The Estonian government decides to dismantle all Soviet-era monuments in public places / Article

“Soviet monuments must be removed from public space, and we will do it as soon as possible,” Kallas told reporters, noting that there are 200-400 such monuments in the country with symbols of the occupying power.

Since the monuments belong to the local governments, the specific terms and order of dismantling depend on them.

Kallas explained that the owner of the territory can move Soviet-era monuments on his own initiative and does not need the approval of the government or municipality.

Commenting on the situation with the monument to the Soviet-era tank “T-34” on the outskirts of the northeastern Estonian city of Narva, near which people began to gather on Wednesday evening, because it was unofficially announced that the monument would be moved, Kallas said that the monument belongs to Narva, but the city did not show readiness to move it. “therefore it is clear that the government must take responsibility and move this and other monuments with symbolic meaning”.

Estonian Foreign Minister Urmas Reinsalu told the public broadcaster ERR that if necessary, an emergency session of the parliament should be called and “the tank should be removed within a month”.

Kallas emphasized that the commemoration of the fallen is not prohibited in any way, but it should be done in the designated place – cemeteries. “The tank is a weapon of murder, and even now people are killed with such weapons in Ukraine. There are no war graves under the Narva tank,” added the Estonian Prime Minister.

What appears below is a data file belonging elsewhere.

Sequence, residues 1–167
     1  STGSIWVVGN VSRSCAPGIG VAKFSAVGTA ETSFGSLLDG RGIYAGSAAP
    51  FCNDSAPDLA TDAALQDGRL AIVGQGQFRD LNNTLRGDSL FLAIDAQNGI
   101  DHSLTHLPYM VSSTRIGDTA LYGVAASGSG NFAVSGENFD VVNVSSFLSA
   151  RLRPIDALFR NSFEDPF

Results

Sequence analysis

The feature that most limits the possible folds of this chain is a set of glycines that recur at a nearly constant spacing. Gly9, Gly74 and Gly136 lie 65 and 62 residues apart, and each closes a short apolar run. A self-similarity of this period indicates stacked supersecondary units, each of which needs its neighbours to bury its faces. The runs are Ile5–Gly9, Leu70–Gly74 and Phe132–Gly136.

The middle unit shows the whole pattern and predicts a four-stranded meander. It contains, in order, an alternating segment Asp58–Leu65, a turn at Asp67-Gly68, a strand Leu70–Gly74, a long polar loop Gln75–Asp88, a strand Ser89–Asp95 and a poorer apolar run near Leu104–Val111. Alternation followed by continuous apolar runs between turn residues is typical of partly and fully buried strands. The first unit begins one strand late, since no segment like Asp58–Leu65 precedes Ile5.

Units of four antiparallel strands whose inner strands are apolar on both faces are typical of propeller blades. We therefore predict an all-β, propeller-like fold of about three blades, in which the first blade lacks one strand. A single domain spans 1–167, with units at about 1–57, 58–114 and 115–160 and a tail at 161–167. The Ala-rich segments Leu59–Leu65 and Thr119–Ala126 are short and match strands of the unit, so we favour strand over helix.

It has already been announced that although on Wednesday evening at the monument to the Soviet-era tank “T-34” on the Russian border People gathered at the entrance of Narvawho were disturbed by the possible moving of the tank, both the evening and the night on Thursday passed peacefully at the monument, informed the police.

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The Soviet tank “T-34” on the outskirts of Narva is placed on a pedestal on the bank of the Narva river at the place where the attacking Soviet troops crossed the river in July 1944. The monument was opened in 1970.

On the other hand, on the night of Wednesday, an excavator was set on fire in Auvere in northeastern Estonia, which was previously used to move a World War II-era Red Army howitzer from near the entrance to the power plants of the energy company “Eesti Energia”.

The so-called Bronze Night has entered the history of Estonia – April 27, 2007, when riots took place in Tallinn in connection with the transfer of the monument dedicated to Soviet soldiers, the so-called Bronze Soldier, from the city center to the soldiers’ cemetery. At that time, in the riots of Russian-speaking youth, which lasted for two nights, one person died – the Russian citizen Dmitry Ganin – and 1,200 were detained.


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